OM Nofal, JW van de Lindt, G Yan, S Hamideh, JC Dietrich (2021). “Multi-Hazard Hurricane Vulnerability Model to Enable Resilience-Informed Decision.” Proceedings of International Structural Engineering and Construction, S El-Baradei, A Abodonya, A Singh, S Yazdani (eds.), 8(1), DOI: 10.14455/ISEC.2021.8(1).RAD-01.
CC Massarra, CJ Friedland, BD Marx, JC Dietrich (2020). “Multihazard Hurricane Fragility Model for Wood Structure Homes Considering Hazard Parameters and Building Attributes Interaction.” Frontiers in Built Environment, 6, 147, DOI: 10.3389/fbuil.2020.00147.
Then, to best utilize this new mesh, a multi-resolution approach is implemented to use meshes of varying resolution when and where it is required. It is hypothesized that by `switching’ from coarse- to fine-resolution meshes, with the resolution in the fine mesh concentrated only at specific coastal regions influenced by the storm at that point in time, both accuracy and computational gains can be achieved. As the storm approaches the coastline and the landfall location becomes more certain, the simulation will switch to a fine-resolution mesh that describes the coastal features in that region. Application of the approach during Hurricanes Matthew and Florence revealed the predictions to improve in both accuracy and efficiency, as compared to that from single simulations on coarse- and fine-resolution meshes, respectively.
Finally, the efficiency of the approach is further improved in the case of Hurricane Matthew, by using multiple smaller fine-resolution meshes instead of a single high-resolution mesh for the entire U.S. southeast coast. Simulations are performed utilizing predicted values of water levels, wind speeds, and wave heights, as triggers to switch from one mesh to another. Results indicate how to achieve an optimum balance between accuracy and efficiency, by using the above-mentioned triggers, and through a careful selection of the combination meshes to be used in the approach. This research has the potential to improve the storm surge forecasting process. These gains in efficiency are directly a savings in wall-clock time, which can translate into more time to invest in better models and/or more time for the stakeholders to consider the forecast guidance.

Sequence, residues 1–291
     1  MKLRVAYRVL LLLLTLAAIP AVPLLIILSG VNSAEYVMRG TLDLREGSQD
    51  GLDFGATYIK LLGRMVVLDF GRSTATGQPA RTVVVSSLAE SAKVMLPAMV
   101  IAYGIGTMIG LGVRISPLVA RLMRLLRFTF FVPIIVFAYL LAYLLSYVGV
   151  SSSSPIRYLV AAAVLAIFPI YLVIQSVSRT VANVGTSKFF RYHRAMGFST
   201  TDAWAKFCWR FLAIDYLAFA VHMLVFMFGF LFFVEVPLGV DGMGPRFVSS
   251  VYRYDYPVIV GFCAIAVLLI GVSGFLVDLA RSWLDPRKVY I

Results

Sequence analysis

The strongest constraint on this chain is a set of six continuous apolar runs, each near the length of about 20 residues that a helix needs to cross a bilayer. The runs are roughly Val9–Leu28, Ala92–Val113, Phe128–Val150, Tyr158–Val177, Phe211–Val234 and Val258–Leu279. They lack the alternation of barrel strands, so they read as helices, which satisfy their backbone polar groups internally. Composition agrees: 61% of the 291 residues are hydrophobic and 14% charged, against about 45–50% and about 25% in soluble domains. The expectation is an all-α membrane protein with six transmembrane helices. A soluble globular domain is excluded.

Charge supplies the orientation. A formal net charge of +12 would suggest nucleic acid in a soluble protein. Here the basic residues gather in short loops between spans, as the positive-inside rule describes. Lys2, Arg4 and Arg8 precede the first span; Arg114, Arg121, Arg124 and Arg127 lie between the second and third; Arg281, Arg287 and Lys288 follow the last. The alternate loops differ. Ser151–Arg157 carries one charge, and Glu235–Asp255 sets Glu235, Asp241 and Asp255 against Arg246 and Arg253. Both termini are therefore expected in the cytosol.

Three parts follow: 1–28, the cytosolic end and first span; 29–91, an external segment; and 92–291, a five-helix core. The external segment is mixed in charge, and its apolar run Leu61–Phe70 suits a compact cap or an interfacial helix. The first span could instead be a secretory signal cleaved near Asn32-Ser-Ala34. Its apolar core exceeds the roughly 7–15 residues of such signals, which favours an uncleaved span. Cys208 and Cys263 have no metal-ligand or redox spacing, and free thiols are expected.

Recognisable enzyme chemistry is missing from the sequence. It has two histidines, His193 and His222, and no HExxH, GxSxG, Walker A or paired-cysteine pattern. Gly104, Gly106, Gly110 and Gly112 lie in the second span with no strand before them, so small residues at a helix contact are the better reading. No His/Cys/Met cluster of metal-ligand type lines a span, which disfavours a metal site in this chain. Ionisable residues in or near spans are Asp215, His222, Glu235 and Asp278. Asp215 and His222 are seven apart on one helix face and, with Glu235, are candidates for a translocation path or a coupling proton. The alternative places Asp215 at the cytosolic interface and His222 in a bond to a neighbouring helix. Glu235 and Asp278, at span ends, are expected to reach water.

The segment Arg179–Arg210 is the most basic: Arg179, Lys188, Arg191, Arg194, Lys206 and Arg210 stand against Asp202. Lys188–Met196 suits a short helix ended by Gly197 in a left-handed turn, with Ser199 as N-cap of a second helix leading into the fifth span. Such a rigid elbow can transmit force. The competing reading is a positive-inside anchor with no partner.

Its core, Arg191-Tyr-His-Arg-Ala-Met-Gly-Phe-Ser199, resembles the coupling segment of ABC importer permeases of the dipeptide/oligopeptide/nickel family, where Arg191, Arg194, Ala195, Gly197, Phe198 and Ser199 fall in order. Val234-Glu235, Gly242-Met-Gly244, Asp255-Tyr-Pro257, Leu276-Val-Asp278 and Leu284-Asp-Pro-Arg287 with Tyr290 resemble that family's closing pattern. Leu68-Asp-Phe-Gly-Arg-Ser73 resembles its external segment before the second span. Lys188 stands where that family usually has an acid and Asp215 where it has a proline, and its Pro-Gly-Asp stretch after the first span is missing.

In late May 2019, the SWAN developers released a new version. Whenever this happens, the new version needs to be implemented into the coupled SWAN+ADCIRC, thus replacing an older version in the coupled model.
Starting with the upcoming release version 55 of ADCIRC, the coupled SWAN has been upgraded to its latest release version 41.31. It replaces the older version 41.10.
This upgrade is mostly a benefit to users of SWAN+ADCIRC. It has been almost 4 years since the last upgrade, and we had skipped a new SWAN version (41.20) during that time. Thus, this upgrade is adding features and bug fixes from two newer versions (41.20 and 41.31). SWAN has added several capabilities that will be advantageous to users of SWAN+ADCIRC.
However, a few of its changes will cause differences in the wave predictions, as described below. Users will likely need to re-calibrate their input settings for SWAN.
CC Massarra, CL Friedland, BD Marx, JC Dietrich (2020). “Binary Building Attribute Imputation, Evaluation, and Comparison Approaches for Hurricane Damage Data Sets.” Journal of Performance of Constructed Facilities, 34(3), 04020036, DOI: 10.1061/(ASCE)CF.1943-5509.0001433.
A stochastic climate emulator will first be developed to simulate 1000s of realizations of chronological climate patterns (forced by satellite and GCM products) to create future storm events coupled with sea level rise scenarios. A library of high fidelity, open source, hydrodynamic and morphodynamic simulations (ADCIRC+SWAN and XBeach) will then be used to develop a surrogate model to predict erosion and flooding for each future realization. Triggers like beach width, dune height, and community preferences will be used to identify how often communities will need to re-nourish, contingent on future climate and sea level rise scenario.
JC Dietrich, DL Anderson. “Sustainability of Barrier Island Protection Policies under Changing Climates.” U.S. Coastal Research Program, 2019 Academic Research Opportunities, 2019/10/18 to 2021/10/17, $226,624 (Dietrich: $226,624).